Clarifying the Relationship between Definition of Done and Conditions of Satisfaction

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I'd like to clarify the relationship between two important concepts: a team's Definition of Done and the Conditions of Satisfaction for a user story. Let's start by reviewing each of these concepts.

A team's definition of done is an agreed-upon set of things that must be true before any product backlog item is considered complete. A good starting point might be:

  • the code is well-written. That is, the team does not feel they need to immediately refactor or rewrite it.
  • the code is checked in.
  • the code comes with automated tests at all appropriate levels.
  • the code has been either pair programmed or has been code inspected.
  • the feature the code implements has been documented as needed in any end-user documentation.

In contrast, conditions of satisfaction are specific to a given product backlog item and define what must be true for that product backlog item to be considered done. For example, a user story such as, "As a user, I am required to login before using the site," might include these conditions of satisfaction:

  • user is logged in only when proper credentials are provided
  • a "remember me" option is available
  • user can request a password reminder
  • user is locked out after three failed attempts

Think of the definition of done as a special set of conditions of satisfaction that are added to every user story (product backlog item). For the user story above to be done, not only must all of the conditions of satisfaction be fulfilled but so must the items that make up the definition of done.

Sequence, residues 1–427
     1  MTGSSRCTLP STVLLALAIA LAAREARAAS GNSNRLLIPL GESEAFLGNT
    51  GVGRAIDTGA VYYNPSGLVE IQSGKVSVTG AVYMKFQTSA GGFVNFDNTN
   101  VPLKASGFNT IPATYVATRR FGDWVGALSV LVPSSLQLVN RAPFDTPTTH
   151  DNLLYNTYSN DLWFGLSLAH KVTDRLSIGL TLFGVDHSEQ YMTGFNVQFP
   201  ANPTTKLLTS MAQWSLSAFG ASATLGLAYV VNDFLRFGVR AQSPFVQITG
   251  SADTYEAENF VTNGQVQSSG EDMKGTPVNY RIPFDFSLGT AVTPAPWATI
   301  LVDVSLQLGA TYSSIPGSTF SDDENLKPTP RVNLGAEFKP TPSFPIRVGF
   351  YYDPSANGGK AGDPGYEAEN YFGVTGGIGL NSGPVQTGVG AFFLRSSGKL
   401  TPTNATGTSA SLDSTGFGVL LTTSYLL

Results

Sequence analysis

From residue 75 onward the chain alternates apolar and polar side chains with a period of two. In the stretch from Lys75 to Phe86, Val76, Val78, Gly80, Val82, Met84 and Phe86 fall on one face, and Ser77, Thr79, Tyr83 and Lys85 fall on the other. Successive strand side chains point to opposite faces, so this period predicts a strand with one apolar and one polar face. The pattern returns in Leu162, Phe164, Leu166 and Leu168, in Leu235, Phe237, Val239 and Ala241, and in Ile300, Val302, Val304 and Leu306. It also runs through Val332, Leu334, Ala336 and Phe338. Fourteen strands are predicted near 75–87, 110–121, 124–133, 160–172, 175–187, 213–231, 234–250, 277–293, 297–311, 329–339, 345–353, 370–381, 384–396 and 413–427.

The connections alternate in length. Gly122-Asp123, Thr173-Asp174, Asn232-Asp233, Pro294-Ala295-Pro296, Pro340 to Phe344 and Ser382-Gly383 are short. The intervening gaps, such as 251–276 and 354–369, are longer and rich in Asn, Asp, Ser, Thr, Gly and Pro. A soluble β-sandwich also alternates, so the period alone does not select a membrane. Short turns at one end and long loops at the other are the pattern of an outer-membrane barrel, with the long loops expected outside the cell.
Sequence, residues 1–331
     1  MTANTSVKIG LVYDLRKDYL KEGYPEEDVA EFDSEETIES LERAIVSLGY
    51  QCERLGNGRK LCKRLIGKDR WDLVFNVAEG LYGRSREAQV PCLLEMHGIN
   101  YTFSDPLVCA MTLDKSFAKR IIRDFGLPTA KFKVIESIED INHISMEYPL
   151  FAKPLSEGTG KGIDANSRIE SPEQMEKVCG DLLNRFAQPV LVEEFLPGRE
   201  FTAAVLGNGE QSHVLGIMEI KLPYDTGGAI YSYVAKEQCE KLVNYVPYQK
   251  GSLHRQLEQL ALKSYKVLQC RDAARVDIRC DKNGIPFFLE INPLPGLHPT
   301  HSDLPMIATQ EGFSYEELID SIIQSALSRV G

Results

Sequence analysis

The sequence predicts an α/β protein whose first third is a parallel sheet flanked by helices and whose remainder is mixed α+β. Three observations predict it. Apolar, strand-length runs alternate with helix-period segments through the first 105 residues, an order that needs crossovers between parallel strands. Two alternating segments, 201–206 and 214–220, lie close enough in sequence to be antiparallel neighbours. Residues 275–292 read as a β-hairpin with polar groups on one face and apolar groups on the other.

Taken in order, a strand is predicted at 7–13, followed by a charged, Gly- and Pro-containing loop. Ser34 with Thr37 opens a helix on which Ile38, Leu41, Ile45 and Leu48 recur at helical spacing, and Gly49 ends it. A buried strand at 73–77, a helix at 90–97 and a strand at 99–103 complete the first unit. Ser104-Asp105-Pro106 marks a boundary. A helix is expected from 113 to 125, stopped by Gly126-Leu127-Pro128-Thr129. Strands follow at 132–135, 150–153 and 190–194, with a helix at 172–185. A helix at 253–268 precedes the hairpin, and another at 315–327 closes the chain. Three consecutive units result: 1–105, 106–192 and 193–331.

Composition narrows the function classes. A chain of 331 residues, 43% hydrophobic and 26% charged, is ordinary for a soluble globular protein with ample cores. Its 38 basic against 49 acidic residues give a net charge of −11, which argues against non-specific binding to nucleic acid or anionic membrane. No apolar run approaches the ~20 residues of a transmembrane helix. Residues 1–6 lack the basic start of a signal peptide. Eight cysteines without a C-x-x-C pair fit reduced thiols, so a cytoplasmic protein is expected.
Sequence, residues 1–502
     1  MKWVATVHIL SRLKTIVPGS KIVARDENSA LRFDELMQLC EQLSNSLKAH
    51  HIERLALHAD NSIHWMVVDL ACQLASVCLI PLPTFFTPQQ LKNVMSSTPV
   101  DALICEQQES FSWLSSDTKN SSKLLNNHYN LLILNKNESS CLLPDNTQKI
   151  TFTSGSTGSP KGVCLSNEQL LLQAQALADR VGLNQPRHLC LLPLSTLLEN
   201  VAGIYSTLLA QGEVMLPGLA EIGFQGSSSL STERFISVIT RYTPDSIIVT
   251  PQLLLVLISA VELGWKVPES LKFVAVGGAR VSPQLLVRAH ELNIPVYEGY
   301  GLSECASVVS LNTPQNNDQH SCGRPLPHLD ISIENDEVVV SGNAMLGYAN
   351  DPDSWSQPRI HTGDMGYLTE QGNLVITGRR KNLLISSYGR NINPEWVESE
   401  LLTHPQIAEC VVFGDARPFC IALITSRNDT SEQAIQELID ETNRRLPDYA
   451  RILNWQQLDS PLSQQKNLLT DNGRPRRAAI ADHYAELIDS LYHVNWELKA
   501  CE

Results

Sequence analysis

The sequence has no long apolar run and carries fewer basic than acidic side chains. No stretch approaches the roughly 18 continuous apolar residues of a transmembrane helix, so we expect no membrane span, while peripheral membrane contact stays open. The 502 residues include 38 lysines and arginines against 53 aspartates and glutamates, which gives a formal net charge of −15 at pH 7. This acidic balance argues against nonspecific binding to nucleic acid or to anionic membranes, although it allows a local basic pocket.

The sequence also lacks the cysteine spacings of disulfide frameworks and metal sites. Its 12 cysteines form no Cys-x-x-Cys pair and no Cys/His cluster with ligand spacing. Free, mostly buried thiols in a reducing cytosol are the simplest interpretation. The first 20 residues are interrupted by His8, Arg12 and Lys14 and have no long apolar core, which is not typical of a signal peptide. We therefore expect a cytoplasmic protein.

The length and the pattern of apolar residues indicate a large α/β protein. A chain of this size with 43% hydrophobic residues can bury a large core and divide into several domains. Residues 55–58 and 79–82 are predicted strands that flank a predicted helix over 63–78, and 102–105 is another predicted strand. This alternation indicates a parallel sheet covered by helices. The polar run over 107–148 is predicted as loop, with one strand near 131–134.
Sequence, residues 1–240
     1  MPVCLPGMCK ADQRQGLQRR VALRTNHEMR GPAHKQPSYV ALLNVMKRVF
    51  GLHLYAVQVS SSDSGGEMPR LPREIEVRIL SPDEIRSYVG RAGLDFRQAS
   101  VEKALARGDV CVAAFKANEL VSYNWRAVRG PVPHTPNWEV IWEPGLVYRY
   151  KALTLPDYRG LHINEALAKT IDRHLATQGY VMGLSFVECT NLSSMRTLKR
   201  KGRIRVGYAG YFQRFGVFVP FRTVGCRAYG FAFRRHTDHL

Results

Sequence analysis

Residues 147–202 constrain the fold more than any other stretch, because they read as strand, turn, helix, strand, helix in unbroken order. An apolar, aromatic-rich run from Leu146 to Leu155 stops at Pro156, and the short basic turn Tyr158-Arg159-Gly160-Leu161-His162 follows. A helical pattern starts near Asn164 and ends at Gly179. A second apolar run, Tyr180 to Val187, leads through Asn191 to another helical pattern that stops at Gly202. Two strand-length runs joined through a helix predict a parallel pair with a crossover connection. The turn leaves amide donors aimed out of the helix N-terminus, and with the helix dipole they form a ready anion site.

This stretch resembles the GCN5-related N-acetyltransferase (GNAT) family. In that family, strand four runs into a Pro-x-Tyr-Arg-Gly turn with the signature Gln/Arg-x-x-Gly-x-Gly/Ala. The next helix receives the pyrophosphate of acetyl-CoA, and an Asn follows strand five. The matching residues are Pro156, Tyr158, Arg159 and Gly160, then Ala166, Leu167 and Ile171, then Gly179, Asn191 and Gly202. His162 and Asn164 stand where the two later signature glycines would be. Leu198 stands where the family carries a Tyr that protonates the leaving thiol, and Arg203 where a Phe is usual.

Because I like to write user stories on the front sides of index cards and the conditions of satisfaction on the back sides, I tend to think of the definition of done as a something I have written on a custom-made rubber stamp. I could then stamp each user story card with those items in addition to story-specific conditions of satisfaction.

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Mike Cohn

About the Author

Mike Cohn specializes in helping companies adopt and improve their use of agile processes and techniques to build extremely high-performance teams. He is the author of User Stories Applied for Agile Software Development, Agile Estimating and Planning, and Succeeding with Agile as well as the Better User Stories video course. Mike is a founding member of the Agile Alliance and Scrum Alliance and can be reached at [email protected]. If you want to succeed with agile, you can also have Mike email you a short tip each week.

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